Your mission is to provide much needed information and education the influencer can share. If you have created new content as I recommended in my last post you can leave that content with your influencers and or show them where they can find it so they can share it.

 

What our dealers experienced over time was consumers coming into their dealerships already sold so to speak. Their leading influencers shared our dealer who they had a relationship of trust with. The therapists shared content specific to what consumers needed to make a buying decision.

 

Understanding the voice of your customers identifies leading buying influencers in the purchase process.

 

Who are the leading influencers for your buyers?

 

Does your team strategically educate and share content with influencers?

 

Does your team understand the voice of your customers today?

 

Influencers play I critical role in the purchase decision today. As markets shift and change, influencers also change.

 

Make it a key initiative for your team to understand the voice of your customers today and whom they turn to as purchase influencers.

Customer Voice Research Identifies Content Buyers Need Today

Customer Voice Research Identifies Content Buyers Need Today

 

 

 

Companies who understand the current voice of their customers and markets outperform teams who keep selling the way we have always sold. Customer voice research helps your team identify shifts in how buyers buy today and the criteria they must have to make a buying decision.

 

In my last post I shared how understanding the current customer voice helps sales teams spend more time selling and less time searching for and creating content.

 

Capturing the current voice of your customers has many benefits as I shared in a guest post recently.

 

  • Increased sales
  • Increased Profits
  • Increase in market share
  • Improved sales close rate %’s
  • Identify new product needs
  • Improved operational efficiencies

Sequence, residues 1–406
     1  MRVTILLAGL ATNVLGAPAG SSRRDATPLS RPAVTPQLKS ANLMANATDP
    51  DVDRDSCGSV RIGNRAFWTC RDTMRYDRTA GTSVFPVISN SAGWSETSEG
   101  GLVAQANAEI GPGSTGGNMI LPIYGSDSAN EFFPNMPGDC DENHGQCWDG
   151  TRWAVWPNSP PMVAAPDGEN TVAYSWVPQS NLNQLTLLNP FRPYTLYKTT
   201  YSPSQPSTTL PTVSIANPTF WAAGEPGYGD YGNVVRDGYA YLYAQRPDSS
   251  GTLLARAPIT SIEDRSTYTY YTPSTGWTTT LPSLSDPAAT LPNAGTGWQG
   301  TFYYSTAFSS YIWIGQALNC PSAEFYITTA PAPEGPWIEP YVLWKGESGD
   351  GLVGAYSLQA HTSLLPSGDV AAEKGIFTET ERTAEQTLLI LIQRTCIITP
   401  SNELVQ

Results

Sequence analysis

• Increase in current customer sales
  • Increase in new customer sales
  • Strong overall buying experience for your customers

 

What about benefits to your buyers?

 

How can understanding the voice of your customers and voice of your markets help your buyers?

 

In a recent article by Sales Benchmark Index they shared how buyers only have so much time to search for information. The article shares how one company uses content to help buyers solve problems.

 

For content marketing to generate revenue you must know exactly what your customers need, where they need it, how often they need it, and in what form they need to consume it. Miss any of these items and your content marketing efforts will fail to contribute to revenue growth in any meaningful way.”

  • Steve Keifer/Leaseaccelerator

 

If your team clearly understands why your buyers buy, why they don’t buy and the criteria they need to buy it puts you far ahead of your competitors to capture buyer mind share.

 

With as much as 57%-70% of the buying process occurring before a buyer speaks with a salesperson, market leading teams take the time to understand what their buyers need to buy today. Teams create content based on the feedback received from customer voice research. They update their sales tools and web site to include the content your buyers are searching for.

 

What content is your buyer actively searching for today to make a buying decision?

 

What criteria does your buyers need today?

 

Does your website provide content your buyers are searching for?

 

Who will buyers perceive as a market leader…someone with the perfect content they must have today, or a company that is not even found in their online research?

 

Capturing the voice of your customers today helps you understand how your buyer buys. In that buying journey it often includes research for meaningful content they must have to make a buying decision. When buyers find that content on your web site it starts to build trust with them.

 

Spend time understanding the voice of your customers and develop content that helps them buy.

 

Give Salespeople More Time To Sell With Voice Of The Customer Research

Give Salespeople More Time to Sell With Voice of The Customer Research

In my recent post I shared that capturing the current voice of your customers has many benefits as listed below. One of those benefits is improved sales efficiency. In this post I will share how understanding the current voice of your customers reduces non-selling time for your salespeople and gives them more time to sell.

Capturing the current voice of your customers has many benefits as I shared in a guest post recently.

  • Increased sales
  • Increased Profits
  • Increase in market share
  • Improved sales close rate %’s
  • Identify new product needs
  • Improved operational efficiencies
  • Increase in current customer sales
  • Increase in new customer sales
  • Strong overall buying experience for your customers

One side benefit I failed to share is customer voice work reduces non-selling activity for your salespeople freeing more time to do what you pay them to do…sell.

With the various Internet tools and social networks there is no excuse for a salesperson not to be prepared for a sales call with a current or potential new customer, and your salespeople know this.